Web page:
Typically, we have three ways of responding – we fight, we flee, we freeze where, instead of fighting or fleeing, then, a bit like a rabbit in the headlights, we tend to freeze in traumatic situations, we get stuck, we just don’t knowhow to respond.

When stressed, the hormone adrenaline is produced and increases your heart rate, raises your blood pressure and provides extra energy, ready to take action. But the body also produces cortisol, known as the stress hormone, which also temporarily increases energy by triggering the release of glucose into the bloodstream, to help the person fight or run away. But what happens if we don’t run away? Where does that glucose go, how is it used up? If it isn’t, it can contribute to body fat, belly fat in particular, and at the same time, other bodily functions which are not immediately needed, such as digestion, are suppressed.

The body is always trying to be in balance and it's response to stress is usually to regulate itself and as the stress dissolves, disappears, so your hormone levels fall, your heart and blood pressure return to normal.

We all need a certain amount of healthy stress (eustress) or pressure to live well. It gets us out of bed in the morning and motivates us throughout the day. Stress becomes problematic when there's too much or too little.

Stress that is too intense or prolonged, causes your body to keep on producing stress hormones over a prolonged period. Because the body is not returning to its balanced level, this increases the risk of a range of physical health problems eg headaches, stomach upsets and high blood pressure and more serious ones too, eg an increased risk of having a stroke or heart attack.  People who suffer from chronic (ie ongoing) stress are at greater risk of developing metabolic syndrome, which is a combination of diabetes, high blood pressure and obesity.

Long-term stress can seriously negatively impact your immune system, and so many conditions can arise from a compromised, ineffective immune system such as heart disease, diabetes, cancer, other chronic illnesses, or even an acute illness. Some medications can suppress your immune system.

Stress often leads to poor mental health, to psychological problems, affecting relationships, with oneself and with others, making people feel fear, become distrusting, irritable and angry, depressed and anxious.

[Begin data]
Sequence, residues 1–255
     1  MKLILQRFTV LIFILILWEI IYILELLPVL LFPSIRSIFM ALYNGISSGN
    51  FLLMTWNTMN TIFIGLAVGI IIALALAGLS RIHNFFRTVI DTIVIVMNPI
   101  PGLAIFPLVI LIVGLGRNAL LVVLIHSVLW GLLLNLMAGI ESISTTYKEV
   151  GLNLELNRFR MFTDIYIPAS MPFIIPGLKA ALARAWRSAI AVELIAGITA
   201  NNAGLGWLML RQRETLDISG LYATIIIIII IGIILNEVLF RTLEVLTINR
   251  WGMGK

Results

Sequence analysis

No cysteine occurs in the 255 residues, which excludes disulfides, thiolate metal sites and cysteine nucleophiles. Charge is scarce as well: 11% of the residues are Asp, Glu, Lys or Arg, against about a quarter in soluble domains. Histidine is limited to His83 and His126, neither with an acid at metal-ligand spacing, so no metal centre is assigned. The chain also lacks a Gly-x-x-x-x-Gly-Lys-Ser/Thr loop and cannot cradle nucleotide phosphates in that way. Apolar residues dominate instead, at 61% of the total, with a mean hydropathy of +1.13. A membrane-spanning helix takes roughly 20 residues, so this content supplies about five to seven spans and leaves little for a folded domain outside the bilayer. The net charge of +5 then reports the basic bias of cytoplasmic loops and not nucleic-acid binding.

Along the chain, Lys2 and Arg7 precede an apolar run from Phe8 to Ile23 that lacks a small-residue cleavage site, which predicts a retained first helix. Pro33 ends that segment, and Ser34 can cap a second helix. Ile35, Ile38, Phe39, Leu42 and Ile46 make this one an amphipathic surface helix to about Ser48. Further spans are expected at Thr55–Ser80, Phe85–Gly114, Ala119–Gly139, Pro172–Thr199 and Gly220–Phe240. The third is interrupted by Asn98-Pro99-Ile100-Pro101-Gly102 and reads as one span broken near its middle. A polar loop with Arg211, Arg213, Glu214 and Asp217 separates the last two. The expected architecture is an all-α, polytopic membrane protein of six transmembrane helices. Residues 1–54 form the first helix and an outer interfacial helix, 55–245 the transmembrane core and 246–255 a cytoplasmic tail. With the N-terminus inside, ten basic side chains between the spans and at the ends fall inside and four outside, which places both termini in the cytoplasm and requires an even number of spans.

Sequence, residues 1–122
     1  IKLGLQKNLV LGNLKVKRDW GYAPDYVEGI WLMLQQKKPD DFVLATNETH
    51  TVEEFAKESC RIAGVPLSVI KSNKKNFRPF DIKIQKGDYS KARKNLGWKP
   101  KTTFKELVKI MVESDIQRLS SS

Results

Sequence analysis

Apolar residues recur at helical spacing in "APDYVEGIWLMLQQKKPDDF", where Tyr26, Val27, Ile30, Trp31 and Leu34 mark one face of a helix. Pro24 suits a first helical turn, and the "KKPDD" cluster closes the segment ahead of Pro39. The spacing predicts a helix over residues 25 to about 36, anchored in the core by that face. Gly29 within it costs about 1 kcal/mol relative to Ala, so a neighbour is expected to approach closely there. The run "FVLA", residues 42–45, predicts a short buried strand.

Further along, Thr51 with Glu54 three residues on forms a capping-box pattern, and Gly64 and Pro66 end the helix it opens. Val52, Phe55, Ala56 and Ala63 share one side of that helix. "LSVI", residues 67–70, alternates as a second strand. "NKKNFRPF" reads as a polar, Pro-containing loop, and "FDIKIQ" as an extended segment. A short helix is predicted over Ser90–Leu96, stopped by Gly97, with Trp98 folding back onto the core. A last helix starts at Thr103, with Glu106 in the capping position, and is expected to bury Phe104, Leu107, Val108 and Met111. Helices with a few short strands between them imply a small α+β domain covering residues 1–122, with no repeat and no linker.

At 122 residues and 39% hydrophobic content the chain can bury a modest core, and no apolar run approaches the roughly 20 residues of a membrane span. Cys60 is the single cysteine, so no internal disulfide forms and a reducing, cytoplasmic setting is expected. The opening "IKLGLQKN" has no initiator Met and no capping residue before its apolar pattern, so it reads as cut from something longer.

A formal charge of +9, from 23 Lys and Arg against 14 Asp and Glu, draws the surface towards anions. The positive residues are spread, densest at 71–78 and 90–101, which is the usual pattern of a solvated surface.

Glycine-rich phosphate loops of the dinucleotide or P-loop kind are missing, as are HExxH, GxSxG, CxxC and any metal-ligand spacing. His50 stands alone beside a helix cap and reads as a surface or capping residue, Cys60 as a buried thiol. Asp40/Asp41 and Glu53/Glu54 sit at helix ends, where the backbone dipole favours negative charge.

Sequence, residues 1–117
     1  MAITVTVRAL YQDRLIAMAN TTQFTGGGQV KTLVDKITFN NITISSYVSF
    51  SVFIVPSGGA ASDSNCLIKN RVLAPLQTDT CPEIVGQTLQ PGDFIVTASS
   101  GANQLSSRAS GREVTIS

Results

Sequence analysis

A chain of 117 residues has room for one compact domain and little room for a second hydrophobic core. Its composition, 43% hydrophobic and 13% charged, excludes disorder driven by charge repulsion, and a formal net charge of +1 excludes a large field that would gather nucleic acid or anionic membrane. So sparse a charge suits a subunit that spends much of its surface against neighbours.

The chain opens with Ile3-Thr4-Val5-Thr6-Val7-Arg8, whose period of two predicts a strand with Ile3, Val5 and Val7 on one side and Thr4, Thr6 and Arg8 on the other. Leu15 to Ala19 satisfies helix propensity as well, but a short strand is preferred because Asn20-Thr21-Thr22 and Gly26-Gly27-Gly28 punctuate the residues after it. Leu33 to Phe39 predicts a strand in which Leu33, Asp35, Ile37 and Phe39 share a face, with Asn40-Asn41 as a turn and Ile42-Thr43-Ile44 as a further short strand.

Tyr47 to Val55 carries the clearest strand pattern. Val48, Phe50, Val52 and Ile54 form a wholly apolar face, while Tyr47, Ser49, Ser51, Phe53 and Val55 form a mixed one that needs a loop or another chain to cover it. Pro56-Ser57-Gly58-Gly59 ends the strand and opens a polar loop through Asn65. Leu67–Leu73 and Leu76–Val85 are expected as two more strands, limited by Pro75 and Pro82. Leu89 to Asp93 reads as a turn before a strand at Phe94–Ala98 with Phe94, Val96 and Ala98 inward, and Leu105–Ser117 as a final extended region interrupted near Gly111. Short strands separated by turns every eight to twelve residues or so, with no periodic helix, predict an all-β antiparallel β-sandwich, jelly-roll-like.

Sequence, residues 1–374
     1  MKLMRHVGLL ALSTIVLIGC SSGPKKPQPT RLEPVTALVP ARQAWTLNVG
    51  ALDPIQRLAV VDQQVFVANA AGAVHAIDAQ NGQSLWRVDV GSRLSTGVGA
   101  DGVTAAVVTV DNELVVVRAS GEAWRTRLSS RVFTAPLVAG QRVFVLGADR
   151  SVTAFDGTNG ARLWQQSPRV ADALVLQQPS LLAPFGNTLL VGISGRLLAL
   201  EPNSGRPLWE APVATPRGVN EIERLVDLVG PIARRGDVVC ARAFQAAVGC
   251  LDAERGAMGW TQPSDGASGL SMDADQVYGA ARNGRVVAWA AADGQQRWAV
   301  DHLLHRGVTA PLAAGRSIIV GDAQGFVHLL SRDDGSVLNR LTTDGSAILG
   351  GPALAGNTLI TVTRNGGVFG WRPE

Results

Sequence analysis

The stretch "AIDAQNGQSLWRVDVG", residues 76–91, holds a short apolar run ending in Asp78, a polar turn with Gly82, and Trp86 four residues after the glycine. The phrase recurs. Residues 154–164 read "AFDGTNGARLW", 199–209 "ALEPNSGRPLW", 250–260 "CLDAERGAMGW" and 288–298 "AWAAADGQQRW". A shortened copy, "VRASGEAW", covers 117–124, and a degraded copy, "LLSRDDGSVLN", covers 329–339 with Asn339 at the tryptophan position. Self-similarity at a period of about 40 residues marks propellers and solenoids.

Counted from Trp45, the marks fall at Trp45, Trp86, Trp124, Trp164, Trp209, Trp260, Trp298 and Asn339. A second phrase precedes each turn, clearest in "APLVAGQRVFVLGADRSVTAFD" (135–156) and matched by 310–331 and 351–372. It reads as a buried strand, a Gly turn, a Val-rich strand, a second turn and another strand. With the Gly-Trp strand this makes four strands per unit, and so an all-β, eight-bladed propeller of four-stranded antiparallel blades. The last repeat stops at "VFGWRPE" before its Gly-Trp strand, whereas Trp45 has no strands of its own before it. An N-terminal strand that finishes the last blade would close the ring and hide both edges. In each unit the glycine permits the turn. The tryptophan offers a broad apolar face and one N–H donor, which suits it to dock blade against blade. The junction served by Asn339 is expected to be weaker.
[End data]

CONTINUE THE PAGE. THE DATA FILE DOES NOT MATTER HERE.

An anxiety disorder is a common mental illness defined by feelings of uneasiness, worry and fear. And nausea.

 

While anxiety occurs for everyone sometimes, a person with an anxiety disorder feels an inappropriate amount of anxiety more often than is reasonable. It may happen too often and for too long each time ...days, weeks, months, or even years.

 

For example, an average individual may feel some anxiety before going to an interview for a new work placement but a person with an actual anxiety disorder may feel anxiety every time they go to work, or simply even leave their home.

Many people with an anxiety disorder do not realize they have a defined, treatable disorder and so genuine anxiety disorders often will go undiagnosed not just because a person has not recognised the symptoms but perhaps because they have and feel there is something "wrong" with them or they may feel embarrassment and shame which then compounds their anxiety.

 

People with an anxiety disorder often don't just feel, anxious but  have co-occurring mental health issues or conditions such as depression. In later years, they may also be dealing with multiple morbidity ie several medical conditions at the same time eg diabetes, cancer, dementia, atherosclerosis and all of this can weigh heavily on the mind, if not knowingly then at a subconscious level and this can increase serious risks like suicide. Take severe anxiety disorder symptoms and panic attacks as warning signs and have them fully investigated.

If your day-to-day functioning is impaired or impeded, it is likely you have some form of anxiety disorder and so a medical consultation would be called for. This is not a time for shame or embarrassment, emotions which we often feel if we have a mental health condition. But anxiety affects our whole being.